Tuesday, 28 November 2017
Network at The Lyttleton
Bryan Cranston has gone from Breaking Bad to Breaking Mad in Lee Hall’s adaptation of Paddy Chayefsky’s movie, Network, now showing at The Lyttleton Theatre. Except that Cranston brings an integrity to his troubled newsreader, Howard Beale, that shows that even during his rages, we’re witnessing someone who is perfectly sane rather than deranged. For his frequent anguished cry of “I’m mad as hell, and I’m not going to take it any more”, read “angry as hell”. Cranston’s nuanced performance ensures that his seventies prophet (the movie was made in 1976 and remains in this era here) has the audience in his thrall from the start.
Lee Hall’s adaptation of this Oscar winning satire is pretty much true to the original, apart from the toning down of the terrorist subplot and the affair between Beale’s colleague, Max Schumacher (Douglas Henshall) and the overly ambitious TV executive Diana Christensen (Michelle Dockery). He has made Beale the total focus and with such a strong actor in the title role, this is no bad thing at all. News anchor-man, Beale, a coiled spring, thanks to falling ratings and his own inner turmoil, finally breaks on air. Looking straight to camera, he announces that everything is “bullshit” and that he plans to kill himself live on air, in a week’s time.
It seems the viewing public love nothing more than a disaster happening on live TV, so that, combined with the collective view that something is rotten within the heart of America (no change there then) ensures that falling ratings start to rise. The suicide doesn’t happen; instead Beale’s popularity reaches epic proportions, which the News Network exploit to the full. They see a way to revive their flagging programme; why not make news more show bizzy even if it is at the expense of one man’s near descent into a nervous breakdown.
Ivo van Hove directs with his usual panache and uses his “techy” skills to accomplished effect in this production. The huge Lyttleton stage is transformed into a hyperactive TV studio complete with huge backstage screen that at times shows multiple videos at once (slightly distracting until one gets used to it, but then I guess that’s the idea). Cranston and various other members of the cast are often shown on screen as if we’re viewing them on television. Up close and personal, the craggy, slightly battered image of this great American actor leaves us in no doubt that he is perfect in the role, perfect even before he opens his mouth! Slightly strangely, situated stage left are several theatregoers enjoying dinner (all included in their ticket prices). I say strangely but actually it works, giving as it does, a visible audience to whom Cranston can direct many of his speeches.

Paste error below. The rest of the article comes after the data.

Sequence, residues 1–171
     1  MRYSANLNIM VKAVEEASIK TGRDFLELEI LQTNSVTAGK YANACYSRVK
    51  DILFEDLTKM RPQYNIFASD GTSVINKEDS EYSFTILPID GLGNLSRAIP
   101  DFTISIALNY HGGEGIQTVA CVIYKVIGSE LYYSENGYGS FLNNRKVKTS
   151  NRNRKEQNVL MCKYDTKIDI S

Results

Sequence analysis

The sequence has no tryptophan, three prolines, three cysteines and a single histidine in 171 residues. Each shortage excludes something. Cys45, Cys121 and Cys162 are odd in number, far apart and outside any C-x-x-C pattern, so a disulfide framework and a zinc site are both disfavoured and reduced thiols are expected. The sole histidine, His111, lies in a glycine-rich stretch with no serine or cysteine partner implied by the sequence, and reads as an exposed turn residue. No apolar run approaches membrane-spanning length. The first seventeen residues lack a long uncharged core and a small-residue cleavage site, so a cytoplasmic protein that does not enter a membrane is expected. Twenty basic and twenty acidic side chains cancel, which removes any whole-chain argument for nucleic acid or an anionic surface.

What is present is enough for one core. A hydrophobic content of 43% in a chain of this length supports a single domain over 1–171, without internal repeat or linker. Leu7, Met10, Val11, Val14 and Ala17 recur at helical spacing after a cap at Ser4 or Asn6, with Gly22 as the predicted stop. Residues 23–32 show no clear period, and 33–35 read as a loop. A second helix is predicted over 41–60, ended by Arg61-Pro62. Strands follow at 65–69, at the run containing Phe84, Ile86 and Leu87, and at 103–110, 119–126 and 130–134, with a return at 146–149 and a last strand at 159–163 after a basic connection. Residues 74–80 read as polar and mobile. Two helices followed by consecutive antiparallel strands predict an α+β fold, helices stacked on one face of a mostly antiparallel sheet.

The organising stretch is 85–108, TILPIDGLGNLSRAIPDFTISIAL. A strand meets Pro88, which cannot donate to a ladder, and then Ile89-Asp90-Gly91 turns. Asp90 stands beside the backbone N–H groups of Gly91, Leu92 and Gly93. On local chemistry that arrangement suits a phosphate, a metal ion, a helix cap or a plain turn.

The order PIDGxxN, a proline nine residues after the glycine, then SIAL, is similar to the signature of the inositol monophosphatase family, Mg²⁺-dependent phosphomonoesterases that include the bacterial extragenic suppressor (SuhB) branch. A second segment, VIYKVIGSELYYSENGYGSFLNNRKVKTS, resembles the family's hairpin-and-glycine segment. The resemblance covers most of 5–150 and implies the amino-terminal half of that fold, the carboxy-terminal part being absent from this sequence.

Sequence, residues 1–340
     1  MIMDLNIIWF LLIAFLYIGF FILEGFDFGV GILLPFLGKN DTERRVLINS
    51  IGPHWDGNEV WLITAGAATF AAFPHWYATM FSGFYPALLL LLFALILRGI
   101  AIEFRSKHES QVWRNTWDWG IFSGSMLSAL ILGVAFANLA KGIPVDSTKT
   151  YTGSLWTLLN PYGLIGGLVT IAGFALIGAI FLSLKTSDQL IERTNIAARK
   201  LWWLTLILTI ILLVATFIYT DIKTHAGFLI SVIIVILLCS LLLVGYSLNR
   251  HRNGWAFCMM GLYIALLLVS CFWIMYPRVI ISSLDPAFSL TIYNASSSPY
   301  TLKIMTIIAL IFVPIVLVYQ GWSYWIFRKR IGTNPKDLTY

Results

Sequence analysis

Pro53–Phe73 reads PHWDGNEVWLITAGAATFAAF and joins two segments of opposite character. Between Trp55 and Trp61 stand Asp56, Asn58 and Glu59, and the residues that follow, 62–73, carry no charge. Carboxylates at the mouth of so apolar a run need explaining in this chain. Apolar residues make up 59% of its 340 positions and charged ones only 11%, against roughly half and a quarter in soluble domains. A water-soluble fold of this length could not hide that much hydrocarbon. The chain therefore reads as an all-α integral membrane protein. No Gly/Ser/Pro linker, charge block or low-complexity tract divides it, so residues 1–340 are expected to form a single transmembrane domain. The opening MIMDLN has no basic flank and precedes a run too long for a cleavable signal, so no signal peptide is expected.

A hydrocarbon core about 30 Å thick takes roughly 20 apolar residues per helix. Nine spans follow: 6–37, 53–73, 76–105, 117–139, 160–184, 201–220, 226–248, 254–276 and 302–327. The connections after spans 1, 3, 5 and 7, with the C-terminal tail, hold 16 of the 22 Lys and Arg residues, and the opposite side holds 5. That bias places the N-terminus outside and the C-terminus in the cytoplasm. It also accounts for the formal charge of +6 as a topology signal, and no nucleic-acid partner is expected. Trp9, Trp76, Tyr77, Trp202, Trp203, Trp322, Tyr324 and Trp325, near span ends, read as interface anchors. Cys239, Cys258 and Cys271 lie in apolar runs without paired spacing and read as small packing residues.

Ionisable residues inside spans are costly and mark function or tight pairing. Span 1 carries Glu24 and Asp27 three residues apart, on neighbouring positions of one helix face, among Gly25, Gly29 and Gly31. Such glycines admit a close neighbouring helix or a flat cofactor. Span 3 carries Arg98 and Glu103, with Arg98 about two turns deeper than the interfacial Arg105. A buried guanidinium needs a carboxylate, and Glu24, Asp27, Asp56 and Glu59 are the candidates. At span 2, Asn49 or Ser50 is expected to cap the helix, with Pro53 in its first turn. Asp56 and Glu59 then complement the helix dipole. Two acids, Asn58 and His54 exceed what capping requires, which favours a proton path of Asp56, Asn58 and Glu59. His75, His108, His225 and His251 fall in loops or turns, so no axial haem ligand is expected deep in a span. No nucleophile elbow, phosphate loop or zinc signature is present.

Choreographing this “mayhem” on stage must have been a logistical headache, but it works like clockwork, even on a preview night when I went. The only sticking point for me is that I couldn’t quite believe in Michelle Dochery’s character, Diana. She shows perfectly well that this is one very pushy, ambitious young woman, but it is all so one dimensional and the real-time filmed walk outside between her and Max feels gimmicky and artificial. Let’s hope it has improved now previews are over.
This, however, is a minor fault which is more than overshadowed by the overall production and in particular, Bryan Cranston’s masterclass performance. Please don’t let it be too long before he returns to the London stage; I will be first in the booking queue.